How odd that today’s Paul Goldman suggests that it is foolish for anyone to point out such things as city council’s $91,000 appropriation for a “Council Policy Analyst” or the increased funding for a private “Party Patrol” at the expense of police and firefighting services. Today’s Paul Goldman says it is improper to condemn the hundreds of thousands that the mayor earmarked for the Sixth Street Marketplace. Save Richmond’s letter to the mayor was actually a bit too kind — it didn’t even mention things like council’s proposal to fund another expensive study of Shockoe Bottom, a piece of bloat that would come at the same time the city would cut thousands of dollars from Parks and Recreation programs.
The Paul Goldman of Yesterday was a master at pointing out such details and speaking out on why they matter. If yesterday’s Paul Goldman were looking at these 2009-2010 budget proposals, what would he say?
Something like this?
“There is not going to be any such double or near-double digit increase to pay for the bloated and expanded permanent city government they have now created. For too long, instead of making the hard decisions needed to expand our job base and thus our revenue base, and rein in the most expensive city hall, city council and city school bureaucracy in the state, city elected leaders and their fiscal teams have been authorizing spending at a rate that the people of Richmond can not afford.”
And I can only assume that today’s Paul (can we call him the “Paul Goldman of Earth Two”?) wrote his post denouncing Save Richmond’s letter before Mayor Jones gave his “State of the City” speech on Thursday. Standing before the Richmond Chamber, Jones all but confirmed the gist of Save Richmond’s concerns. He even admitted that, um, he had no idea what the state of the city was.
“It’s hard to do when you’ve been in office just 134 days.”
In lieu of hard details, Jones instead painted himself as a “Richmond’s biggest cheerleader” and gave essentially the same booster stump speech he’s been giving to 4-H Clubs since he took office. You know the one — where cooperation is mentioned way more times than leadership.
And now people know why we asked about the balls.
Jones also told the assembled Business Community throng that the Downtown Master Plan was subject to “negotiation” — nevermind that the document has already been heavily vetted and watered down by both the city planning commission and city council. If you were looking for a sign on Thursday that our new mayor was going to press the issue of Echo Harbour, and advocate strongly in favor of Planning Director Rachel Flynn and the transparent public process that gave birth to the DMP, you searched in vain. Instead, we got statements like this:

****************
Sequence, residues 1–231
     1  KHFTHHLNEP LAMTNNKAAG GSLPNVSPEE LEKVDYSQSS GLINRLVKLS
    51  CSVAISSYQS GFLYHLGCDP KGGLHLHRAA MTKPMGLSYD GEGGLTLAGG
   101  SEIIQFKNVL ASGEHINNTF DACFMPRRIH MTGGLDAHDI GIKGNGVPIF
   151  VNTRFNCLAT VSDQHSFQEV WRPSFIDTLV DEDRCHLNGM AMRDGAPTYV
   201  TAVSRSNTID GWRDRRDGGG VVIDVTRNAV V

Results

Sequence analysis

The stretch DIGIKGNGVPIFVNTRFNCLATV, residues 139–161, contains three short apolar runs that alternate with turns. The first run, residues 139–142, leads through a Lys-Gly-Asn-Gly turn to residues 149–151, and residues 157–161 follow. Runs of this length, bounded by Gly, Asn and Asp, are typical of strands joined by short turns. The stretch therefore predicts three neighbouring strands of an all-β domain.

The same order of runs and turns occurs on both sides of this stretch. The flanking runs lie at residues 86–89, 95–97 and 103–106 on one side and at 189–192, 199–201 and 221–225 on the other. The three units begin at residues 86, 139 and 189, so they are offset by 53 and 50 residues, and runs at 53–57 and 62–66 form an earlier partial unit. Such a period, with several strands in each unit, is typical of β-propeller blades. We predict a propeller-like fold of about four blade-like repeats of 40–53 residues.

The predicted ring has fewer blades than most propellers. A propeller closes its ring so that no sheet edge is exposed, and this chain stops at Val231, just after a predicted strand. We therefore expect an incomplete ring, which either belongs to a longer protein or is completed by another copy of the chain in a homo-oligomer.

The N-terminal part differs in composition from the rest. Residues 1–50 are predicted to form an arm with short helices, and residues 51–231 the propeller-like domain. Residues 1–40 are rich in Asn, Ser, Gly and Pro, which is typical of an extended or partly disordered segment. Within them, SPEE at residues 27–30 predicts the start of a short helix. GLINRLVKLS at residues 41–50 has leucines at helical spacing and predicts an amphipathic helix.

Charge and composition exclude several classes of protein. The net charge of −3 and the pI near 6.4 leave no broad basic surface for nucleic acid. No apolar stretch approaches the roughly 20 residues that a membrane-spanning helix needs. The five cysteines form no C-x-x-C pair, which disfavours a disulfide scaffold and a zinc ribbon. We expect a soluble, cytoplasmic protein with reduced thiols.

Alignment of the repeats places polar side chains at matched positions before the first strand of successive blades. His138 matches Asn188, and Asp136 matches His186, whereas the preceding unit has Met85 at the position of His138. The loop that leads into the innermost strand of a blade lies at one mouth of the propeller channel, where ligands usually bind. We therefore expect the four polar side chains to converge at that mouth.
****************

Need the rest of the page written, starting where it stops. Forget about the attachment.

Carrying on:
“It’s a plan. A plan is a guide, and that means there will be some negotiation along the way… I want to find a balance between preservation and economic development.”
Cooperation or capitulation?
Either way you look at it, it is a step backward for the city. I’m glad to see that other folks out there, if not Paul, can clearly see what is happening:
This is the man who had a 45 person transition team start work in November?? It is May and he still doesn’t have a handle on the state of the city?? That is amazing. Richmond got exactly what it wanted, a milquetoast wishy washy mayor who gets along with everyone and sings the city’s praises. No progress, no vision, no sense of direction, but everyone is saying nice things about each other. This is Richmond’s future.
Paul Goldman is a standup guy for speaking up for his friend, the Mayor. I acknowledge his loyalty and I appreciate the kind words he extended to me in passing as he expressed his displeasure with our criticisms of Dwight Jones.
But if Paul can’t see “the beef” here, it’s because he refuses to look under the bun, the tomato, the cheese and the pickles… or even to open up the styrofoam carton. The colloquial language found in our letter to Dwight Jones may have seemed frivolous and crude, but the situation couldn’t be more serious. Richmond’s future is at stake here — our plans and what kind of leaders our citizens want and deserve.
That isn’t just a slice of beef, Paul, that is the whole damn combo meal.